Nanny McPhee’s Advice for Agile Coaches and ScrumMasters

Nanny McPheeNanny McPhee, though never working as an agile coach or ScrumMaster, knows a thing or two about organization dynamics. New to this particular group, she brings a wealth of experience and a toolbox of techniques and practices. She has a sponsor; someone that invited her in, who sees the need for her presence and who wants the overall group to improve – for their own sakes as well as for the long-term well-being of the broader group and their wide community of stakeholders. Not all the people involved either agree they need to improve, or want to improve. The status quo suits them just fine, and not everyone welcomes her, or her ideas.

She has a very apt quote from the first movie:

There is something you should understand about the way I work. When you need me but do not want me, then I must stay. When you want me but no longer need me, then I have to go. It’s rather sad, really, but there it is.

Nanny McPhee faces an uphill battle, but is undaunted. Her experience helps her to understand the situation, and identify ways to help individuals and, with time, the entire group. Eventually she helps the group to reach a point where they can carry on without her, building on the foundation she helped them to lay. Part of her engagement with the group is to recognize when they no longer need her, and can continue to make improvements themselves.

Although I had seen this family movie when it first came out, it was Olaf Lewitz who pointed out the relevance of the quote to me at a coaching workshop on a Friday afternoon in Trondheim, on the last day of XP2010. Since then I noticed that Lyssa Adkins used the quote too in Chapter 4 of her excellent book, ‘Coaching Agile Teams’.

Who knows what’s next for Nanny McPhee and her reach in the agile community? Maybe a keynote or invited talk at Agile 2011 or XP 2011?

Looking forward to Agile Coach Camp Norway 2011

It is important to take time out every now and then, away from the demands of the day job, to focus on developing your skills. Agile Coach Camps provide a great opportunity for practicing agile coaches to come together to share experiences, ideas and insights. In January 2011 Norway is hosting an Agile Coach Camp for the first time. This is an event for people involved in coaching, training, mentoring and leading agile organizations. The Web site has a list of people who are organizing and attending the event. I registered earlier today, and I’m very much looking forward to attending.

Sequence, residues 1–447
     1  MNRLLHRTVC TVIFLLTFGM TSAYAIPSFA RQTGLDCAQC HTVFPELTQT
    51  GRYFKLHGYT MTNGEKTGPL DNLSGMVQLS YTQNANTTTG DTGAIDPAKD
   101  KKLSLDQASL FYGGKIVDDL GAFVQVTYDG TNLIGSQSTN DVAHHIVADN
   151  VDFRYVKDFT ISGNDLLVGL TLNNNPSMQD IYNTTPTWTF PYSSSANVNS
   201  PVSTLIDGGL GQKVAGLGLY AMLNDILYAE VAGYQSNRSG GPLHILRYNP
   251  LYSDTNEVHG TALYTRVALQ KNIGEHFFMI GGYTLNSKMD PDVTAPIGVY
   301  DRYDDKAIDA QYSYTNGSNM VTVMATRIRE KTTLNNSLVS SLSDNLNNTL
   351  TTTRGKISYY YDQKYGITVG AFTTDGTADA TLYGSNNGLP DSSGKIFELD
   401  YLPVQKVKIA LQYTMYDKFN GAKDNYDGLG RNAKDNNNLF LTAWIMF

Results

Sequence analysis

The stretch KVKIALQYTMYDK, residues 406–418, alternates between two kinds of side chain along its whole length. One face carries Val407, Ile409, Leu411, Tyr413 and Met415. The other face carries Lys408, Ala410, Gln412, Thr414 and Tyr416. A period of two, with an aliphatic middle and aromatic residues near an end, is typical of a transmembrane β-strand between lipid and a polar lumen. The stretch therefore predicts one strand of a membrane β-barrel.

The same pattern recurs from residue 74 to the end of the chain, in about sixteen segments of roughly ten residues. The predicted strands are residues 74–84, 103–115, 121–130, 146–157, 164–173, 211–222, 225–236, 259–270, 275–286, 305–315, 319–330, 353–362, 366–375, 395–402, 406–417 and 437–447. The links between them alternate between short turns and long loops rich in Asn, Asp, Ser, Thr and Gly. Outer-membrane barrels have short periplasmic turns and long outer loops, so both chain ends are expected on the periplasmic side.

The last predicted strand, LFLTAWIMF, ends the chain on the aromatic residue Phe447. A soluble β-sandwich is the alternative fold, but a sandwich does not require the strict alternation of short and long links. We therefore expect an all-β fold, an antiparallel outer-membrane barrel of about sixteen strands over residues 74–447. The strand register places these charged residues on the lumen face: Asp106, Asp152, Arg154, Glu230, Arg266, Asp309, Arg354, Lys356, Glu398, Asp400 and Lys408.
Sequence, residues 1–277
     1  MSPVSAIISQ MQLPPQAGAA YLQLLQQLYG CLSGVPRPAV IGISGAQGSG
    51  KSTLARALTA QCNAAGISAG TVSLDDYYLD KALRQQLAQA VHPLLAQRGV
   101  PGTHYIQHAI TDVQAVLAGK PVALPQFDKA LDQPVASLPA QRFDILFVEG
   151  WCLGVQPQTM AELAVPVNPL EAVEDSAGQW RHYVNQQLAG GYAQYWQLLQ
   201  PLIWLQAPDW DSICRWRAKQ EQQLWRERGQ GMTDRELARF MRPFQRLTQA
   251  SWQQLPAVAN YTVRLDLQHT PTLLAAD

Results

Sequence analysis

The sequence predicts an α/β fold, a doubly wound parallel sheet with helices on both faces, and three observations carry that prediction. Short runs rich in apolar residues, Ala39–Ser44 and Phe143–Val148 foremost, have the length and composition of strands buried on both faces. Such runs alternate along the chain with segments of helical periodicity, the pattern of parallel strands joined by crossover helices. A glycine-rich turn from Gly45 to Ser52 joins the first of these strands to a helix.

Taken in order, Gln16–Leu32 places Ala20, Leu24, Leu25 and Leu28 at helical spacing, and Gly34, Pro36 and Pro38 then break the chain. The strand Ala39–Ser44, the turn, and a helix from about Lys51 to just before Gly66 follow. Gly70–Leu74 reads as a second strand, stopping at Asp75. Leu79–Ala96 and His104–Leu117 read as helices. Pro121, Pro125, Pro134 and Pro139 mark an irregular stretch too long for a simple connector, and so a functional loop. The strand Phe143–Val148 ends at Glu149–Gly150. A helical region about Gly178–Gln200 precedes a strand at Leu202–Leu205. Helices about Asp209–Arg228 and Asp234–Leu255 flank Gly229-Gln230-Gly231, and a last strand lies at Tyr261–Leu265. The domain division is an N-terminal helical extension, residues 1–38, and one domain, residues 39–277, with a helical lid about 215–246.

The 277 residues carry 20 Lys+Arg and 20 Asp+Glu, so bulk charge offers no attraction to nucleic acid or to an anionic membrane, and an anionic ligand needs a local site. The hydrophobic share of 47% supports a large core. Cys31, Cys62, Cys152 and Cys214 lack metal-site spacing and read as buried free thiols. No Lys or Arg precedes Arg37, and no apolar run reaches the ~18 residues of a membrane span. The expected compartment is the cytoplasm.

Event structure

The event structure will have two main parts – an agile coach dojo and an Open Space. The Agile Coaches Dojo concept was developed by Rachel Davies, and I first came across it at Agile 2010. Open Space is a powerful approach to hosting conferences and other events without a predefined agenda. I have both hosted and attended numerous Open Space events and really enjoy them.

Position Paper

As is common now with unconferences and Open Spaces, people must submit a position paper to register. For Agile Coach Camp Norway, the position paper consists of four questions:

  1. What is your superpower?
  2. What’s your experience coaching teams towards being agile?
  3. What do you plan to learn/explore at this conference?
  4. How do you plan to contribute?

The set of position papers give a nice overview of who is attending and what they are interested in.

My Agile Coach Camp Position Paper

The conference Web site has the position papers for everyone attending. Here are my answers to the four questions.

What is your superpower?

I am good at seeing the otherwise invisible connections between things.

What’s your experience coaching teams towards being agile?

I have been working with agile methods (first XP, then Crystal, Scrum and others; more recently Kanban and Lean) since 1998/1999. In that time I have introduced agile to lots of teams and multiple companies. I currently work for Cisco as an internal coach, working with multiple teams and organizations.

What do you plan to learn/explore at this conference?

I am open to learning new techniques, practices and ideas that will help me on my journey of becoming a better coach. Specific topics that currently interest me, and I that I would like to explore, include:

  1. Coaching organizations – creating the right environment so our agile teams can thrive; helping the entire organization to become more agile;
  2. Stakeholder engagement and agile coaching – how to effectively engage with broad communities of stakeholders
  3. Coaching from a distance – working with distributed and dispersed teams;
  4. Creating coaching circles, coaching dojos and other learning environments within an organization

How do you plan to contribute?

I plan to propose a session from the ones I listed above, and fully participate in as many other sessions as possible. Also happy to help in any other way that’s needed.

5 Books for Agile Coaches

There is a growing body of knowledge on agile coaching, and some of the tools required to be an effective agile coach. These books are a great starting point for anyone interested in understanding what an agile coach is, how to become an agile coach, or generally how to be more effective as a coach or ScrumMaster.

These books assume knowledge and experience with agile, and are not an introduction to agile.

I list them here in the order in which I read them. If you are an agile coach, ScrumMaster, or someone interested in helping teams and organizations achieve higher performance, then these are essential reading.

Book - Agile RetrospectivesBook - Agile CoachingBook - Collaboration ExplainedBook - Project RetrospectivesBook - Coaching Agile Teams

Two of the books are specifically about retrospectives. Retrospectives are an essential tool in our box as coaches, and developing skills with a variety of retrospective techniques is important.